Hundreds of thousands of homes in towns and cities are at risk of being left in the internet slow lane because of European Union state aid rules.
Ministers are hoping to have rolled out superfast internet at speeds of 24Megabits per second to 95 per cent of the UK by the end of next year.
However this will still leave five per cent of the UK – around one million properties – without access to these superfast speeds.
Of these one million homes, some 600,000 are in rural areas and 400,000 are in towns and cities.
The Government’s is currently using a £1 billion subsidy to extend superfast internet to hard to reach areas.
However, under the terms of the deal which were hammered out with Brussels bureaucrats, the subsidy is only intended to be used in rural areas rather than all areas that do not have super fast speeds available.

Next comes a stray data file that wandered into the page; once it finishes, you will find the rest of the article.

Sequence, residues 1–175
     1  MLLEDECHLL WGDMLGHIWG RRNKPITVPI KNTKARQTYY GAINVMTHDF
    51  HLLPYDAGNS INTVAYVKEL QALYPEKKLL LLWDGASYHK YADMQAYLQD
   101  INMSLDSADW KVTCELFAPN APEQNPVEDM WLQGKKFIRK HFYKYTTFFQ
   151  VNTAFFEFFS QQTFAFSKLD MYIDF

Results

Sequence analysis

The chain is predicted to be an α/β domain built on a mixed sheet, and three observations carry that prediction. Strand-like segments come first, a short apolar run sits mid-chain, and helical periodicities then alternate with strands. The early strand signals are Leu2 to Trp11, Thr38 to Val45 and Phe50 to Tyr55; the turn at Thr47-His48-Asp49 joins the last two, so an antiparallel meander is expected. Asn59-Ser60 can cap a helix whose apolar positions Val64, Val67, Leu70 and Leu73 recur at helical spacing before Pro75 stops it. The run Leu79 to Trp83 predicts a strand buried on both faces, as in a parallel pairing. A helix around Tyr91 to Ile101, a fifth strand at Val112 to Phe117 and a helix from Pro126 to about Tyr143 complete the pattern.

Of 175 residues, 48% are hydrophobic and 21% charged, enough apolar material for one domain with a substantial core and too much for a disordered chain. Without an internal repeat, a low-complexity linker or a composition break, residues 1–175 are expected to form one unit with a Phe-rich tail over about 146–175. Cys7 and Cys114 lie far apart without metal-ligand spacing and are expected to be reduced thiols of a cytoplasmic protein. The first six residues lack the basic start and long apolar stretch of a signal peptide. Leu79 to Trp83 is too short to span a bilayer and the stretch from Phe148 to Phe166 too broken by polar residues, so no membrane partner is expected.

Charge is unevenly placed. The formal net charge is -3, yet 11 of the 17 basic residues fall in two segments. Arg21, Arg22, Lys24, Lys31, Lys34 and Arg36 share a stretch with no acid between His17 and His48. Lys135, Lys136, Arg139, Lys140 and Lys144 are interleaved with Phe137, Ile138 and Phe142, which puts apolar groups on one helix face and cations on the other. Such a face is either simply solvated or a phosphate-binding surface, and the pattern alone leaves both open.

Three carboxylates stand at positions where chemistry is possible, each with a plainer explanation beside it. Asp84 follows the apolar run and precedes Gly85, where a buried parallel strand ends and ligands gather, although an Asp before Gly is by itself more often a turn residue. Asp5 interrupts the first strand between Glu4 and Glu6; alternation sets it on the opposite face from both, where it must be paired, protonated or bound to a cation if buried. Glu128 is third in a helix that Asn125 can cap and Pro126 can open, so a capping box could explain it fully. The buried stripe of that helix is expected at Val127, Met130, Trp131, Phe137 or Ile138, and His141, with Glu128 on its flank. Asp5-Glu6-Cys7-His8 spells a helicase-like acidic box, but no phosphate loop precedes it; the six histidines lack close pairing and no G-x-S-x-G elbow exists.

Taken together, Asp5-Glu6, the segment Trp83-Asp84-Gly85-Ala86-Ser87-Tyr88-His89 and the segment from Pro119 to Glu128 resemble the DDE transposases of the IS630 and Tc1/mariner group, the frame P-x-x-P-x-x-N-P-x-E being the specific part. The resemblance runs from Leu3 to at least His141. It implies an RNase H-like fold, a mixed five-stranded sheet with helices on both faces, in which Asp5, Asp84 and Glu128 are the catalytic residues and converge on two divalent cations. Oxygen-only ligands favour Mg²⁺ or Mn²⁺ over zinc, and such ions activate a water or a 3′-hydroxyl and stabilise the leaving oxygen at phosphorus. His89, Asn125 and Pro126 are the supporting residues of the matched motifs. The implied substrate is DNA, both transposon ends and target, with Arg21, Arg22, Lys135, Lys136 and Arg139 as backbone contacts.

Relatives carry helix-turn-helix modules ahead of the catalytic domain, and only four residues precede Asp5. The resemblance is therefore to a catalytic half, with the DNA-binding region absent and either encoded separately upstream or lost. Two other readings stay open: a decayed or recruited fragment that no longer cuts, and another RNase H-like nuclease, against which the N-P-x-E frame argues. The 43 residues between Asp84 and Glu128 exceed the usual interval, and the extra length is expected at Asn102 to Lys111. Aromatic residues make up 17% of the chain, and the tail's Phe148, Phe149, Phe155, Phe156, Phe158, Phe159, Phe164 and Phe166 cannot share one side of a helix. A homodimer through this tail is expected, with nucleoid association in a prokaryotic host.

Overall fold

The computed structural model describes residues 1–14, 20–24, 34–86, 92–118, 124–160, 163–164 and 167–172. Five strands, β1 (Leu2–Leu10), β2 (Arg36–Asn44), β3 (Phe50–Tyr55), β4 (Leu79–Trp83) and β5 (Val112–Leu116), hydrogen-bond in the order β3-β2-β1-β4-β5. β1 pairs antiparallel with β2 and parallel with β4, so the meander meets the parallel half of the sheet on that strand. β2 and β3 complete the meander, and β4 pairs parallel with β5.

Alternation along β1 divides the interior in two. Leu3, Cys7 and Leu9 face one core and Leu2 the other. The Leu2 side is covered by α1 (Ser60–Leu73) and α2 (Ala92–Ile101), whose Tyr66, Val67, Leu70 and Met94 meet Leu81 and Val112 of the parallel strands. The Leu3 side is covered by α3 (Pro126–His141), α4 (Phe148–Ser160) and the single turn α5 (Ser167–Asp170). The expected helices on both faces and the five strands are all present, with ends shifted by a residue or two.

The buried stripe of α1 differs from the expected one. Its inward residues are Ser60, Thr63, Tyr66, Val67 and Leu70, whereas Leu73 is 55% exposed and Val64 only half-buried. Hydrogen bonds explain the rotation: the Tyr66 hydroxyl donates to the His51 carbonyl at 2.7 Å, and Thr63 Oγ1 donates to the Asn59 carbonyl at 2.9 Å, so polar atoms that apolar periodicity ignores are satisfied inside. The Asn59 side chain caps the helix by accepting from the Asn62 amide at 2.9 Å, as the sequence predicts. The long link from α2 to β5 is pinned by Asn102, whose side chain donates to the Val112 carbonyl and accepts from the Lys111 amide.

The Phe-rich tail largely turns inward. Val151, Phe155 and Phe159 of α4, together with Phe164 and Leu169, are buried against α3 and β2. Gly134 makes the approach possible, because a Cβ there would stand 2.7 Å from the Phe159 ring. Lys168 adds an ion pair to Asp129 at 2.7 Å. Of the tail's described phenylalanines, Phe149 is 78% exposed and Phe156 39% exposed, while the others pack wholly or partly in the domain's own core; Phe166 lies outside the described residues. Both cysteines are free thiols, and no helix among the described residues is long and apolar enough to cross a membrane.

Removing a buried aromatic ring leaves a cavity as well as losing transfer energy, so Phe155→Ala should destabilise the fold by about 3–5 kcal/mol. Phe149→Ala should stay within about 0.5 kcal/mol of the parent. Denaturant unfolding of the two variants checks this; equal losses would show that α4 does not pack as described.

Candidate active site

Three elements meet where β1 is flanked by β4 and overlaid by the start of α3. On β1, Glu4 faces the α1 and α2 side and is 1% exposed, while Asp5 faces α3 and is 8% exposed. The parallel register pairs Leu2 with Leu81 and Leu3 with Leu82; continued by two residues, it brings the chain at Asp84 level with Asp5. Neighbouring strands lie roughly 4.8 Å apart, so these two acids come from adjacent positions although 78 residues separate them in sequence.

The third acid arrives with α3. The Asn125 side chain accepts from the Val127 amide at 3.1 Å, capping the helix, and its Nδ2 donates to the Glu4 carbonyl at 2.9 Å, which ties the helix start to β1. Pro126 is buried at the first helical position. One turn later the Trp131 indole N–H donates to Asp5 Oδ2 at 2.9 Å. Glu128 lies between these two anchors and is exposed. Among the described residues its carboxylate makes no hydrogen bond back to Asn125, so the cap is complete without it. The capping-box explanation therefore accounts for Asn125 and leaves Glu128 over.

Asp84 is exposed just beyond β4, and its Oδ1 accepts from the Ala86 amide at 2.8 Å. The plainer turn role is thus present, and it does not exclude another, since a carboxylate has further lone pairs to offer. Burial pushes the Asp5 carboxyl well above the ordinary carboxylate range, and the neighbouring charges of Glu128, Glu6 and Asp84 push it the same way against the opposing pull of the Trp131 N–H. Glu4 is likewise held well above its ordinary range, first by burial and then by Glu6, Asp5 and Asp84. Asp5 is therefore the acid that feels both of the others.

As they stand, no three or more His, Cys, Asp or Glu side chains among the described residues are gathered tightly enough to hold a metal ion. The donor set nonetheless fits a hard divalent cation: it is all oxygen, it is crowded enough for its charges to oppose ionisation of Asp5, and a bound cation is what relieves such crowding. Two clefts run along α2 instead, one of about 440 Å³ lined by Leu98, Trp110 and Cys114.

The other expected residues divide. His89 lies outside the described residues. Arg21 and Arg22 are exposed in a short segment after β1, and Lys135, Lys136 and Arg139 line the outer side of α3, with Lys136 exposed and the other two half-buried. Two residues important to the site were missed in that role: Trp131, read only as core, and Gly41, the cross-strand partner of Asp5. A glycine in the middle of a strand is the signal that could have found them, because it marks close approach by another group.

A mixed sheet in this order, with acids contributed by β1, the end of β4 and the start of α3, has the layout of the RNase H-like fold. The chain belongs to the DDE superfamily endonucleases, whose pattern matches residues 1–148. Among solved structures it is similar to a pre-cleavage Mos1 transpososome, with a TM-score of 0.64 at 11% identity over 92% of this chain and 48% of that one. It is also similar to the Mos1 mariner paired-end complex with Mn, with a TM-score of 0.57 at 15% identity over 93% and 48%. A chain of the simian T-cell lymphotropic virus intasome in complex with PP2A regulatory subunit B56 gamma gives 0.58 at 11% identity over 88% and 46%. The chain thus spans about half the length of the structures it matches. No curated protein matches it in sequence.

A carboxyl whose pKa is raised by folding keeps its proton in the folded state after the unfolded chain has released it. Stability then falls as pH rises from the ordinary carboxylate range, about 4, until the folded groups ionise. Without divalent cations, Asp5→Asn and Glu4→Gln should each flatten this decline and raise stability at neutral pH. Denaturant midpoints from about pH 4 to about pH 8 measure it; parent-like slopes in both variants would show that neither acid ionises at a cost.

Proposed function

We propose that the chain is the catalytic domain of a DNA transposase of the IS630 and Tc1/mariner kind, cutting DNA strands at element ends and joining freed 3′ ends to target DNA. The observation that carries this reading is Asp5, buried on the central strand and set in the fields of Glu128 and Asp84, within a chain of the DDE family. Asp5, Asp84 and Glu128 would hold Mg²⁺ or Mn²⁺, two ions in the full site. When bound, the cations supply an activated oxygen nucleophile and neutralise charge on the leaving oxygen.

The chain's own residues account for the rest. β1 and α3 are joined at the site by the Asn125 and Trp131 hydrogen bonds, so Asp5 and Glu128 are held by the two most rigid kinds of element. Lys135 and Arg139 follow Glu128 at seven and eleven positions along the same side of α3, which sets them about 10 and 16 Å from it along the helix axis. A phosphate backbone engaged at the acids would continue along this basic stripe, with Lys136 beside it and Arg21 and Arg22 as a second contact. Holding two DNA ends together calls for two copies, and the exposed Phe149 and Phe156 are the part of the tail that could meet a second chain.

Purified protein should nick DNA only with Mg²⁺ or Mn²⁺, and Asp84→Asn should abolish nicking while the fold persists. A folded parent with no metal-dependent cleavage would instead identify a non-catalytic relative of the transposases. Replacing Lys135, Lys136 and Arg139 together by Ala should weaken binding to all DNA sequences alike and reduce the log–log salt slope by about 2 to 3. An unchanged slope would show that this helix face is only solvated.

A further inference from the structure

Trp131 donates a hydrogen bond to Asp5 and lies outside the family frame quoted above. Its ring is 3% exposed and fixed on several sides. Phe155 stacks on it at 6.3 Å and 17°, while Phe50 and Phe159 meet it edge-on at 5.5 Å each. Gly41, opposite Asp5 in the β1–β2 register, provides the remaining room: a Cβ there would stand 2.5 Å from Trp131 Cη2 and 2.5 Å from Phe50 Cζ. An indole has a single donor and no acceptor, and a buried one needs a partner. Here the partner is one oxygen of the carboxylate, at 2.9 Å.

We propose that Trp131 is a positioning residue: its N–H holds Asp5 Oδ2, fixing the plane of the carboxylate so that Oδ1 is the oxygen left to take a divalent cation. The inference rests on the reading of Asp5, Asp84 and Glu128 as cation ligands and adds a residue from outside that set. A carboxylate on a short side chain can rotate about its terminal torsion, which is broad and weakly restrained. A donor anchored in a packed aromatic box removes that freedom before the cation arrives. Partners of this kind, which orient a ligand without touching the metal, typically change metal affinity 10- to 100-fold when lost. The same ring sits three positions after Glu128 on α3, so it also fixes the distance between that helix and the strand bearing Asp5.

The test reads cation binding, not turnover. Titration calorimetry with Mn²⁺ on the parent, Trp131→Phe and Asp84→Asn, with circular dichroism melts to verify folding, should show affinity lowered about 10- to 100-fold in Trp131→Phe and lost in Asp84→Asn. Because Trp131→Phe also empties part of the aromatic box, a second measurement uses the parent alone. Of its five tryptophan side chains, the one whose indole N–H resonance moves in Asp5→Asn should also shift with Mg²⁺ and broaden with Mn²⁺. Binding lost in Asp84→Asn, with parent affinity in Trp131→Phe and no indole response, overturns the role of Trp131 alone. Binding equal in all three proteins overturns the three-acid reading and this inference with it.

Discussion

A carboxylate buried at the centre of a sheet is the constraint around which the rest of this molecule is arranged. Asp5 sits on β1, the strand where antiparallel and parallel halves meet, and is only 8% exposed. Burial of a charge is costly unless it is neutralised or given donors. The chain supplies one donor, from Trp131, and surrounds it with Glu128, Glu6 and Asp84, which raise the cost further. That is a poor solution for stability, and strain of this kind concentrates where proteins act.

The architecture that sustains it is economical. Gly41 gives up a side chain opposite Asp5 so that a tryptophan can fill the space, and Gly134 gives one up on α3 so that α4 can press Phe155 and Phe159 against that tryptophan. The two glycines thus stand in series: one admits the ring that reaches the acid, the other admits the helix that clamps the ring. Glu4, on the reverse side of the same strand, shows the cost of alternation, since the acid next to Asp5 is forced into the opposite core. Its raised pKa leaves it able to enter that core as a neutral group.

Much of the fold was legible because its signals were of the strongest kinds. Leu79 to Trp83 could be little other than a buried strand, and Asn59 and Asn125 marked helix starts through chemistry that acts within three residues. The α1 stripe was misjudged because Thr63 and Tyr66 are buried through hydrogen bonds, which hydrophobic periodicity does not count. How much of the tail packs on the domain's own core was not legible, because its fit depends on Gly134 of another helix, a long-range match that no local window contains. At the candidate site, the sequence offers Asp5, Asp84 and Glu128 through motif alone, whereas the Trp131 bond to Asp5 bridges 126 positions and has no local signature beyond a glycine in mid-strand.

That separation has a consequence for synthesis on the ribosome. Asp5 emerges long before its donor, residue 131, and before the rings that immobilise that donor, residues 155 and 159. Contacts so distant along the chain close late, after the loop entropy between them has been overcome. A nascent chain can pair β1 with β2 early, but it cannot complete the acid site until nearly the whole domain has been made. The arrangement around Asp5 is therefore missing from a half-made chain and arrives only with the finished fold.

This means the 400,000 homes in urban areas will have to suffer with slower internet until internet companies can be persuaded to connect them.
A Department for Culture, Media and Sport spokesman said that “state aid rules do allow for Government funded broadband rollout in cities in some circumstances, however these areas are more commercially viable than the countryside.
Broadband is extraordinarily important – government quite rightly has a role in making sure it’s rolled out to everyone. Yet being in the EU means we can’t spend our money on our priorities.
Once again it shows that sensible plans by the UK Government are thwarted by EU regulations set in Brussels.
It shows who is really running our country when our Government cannot support the roll out superfast broadband in urban areas.
Those affected should take this into consideration when they vote in the EU referendum.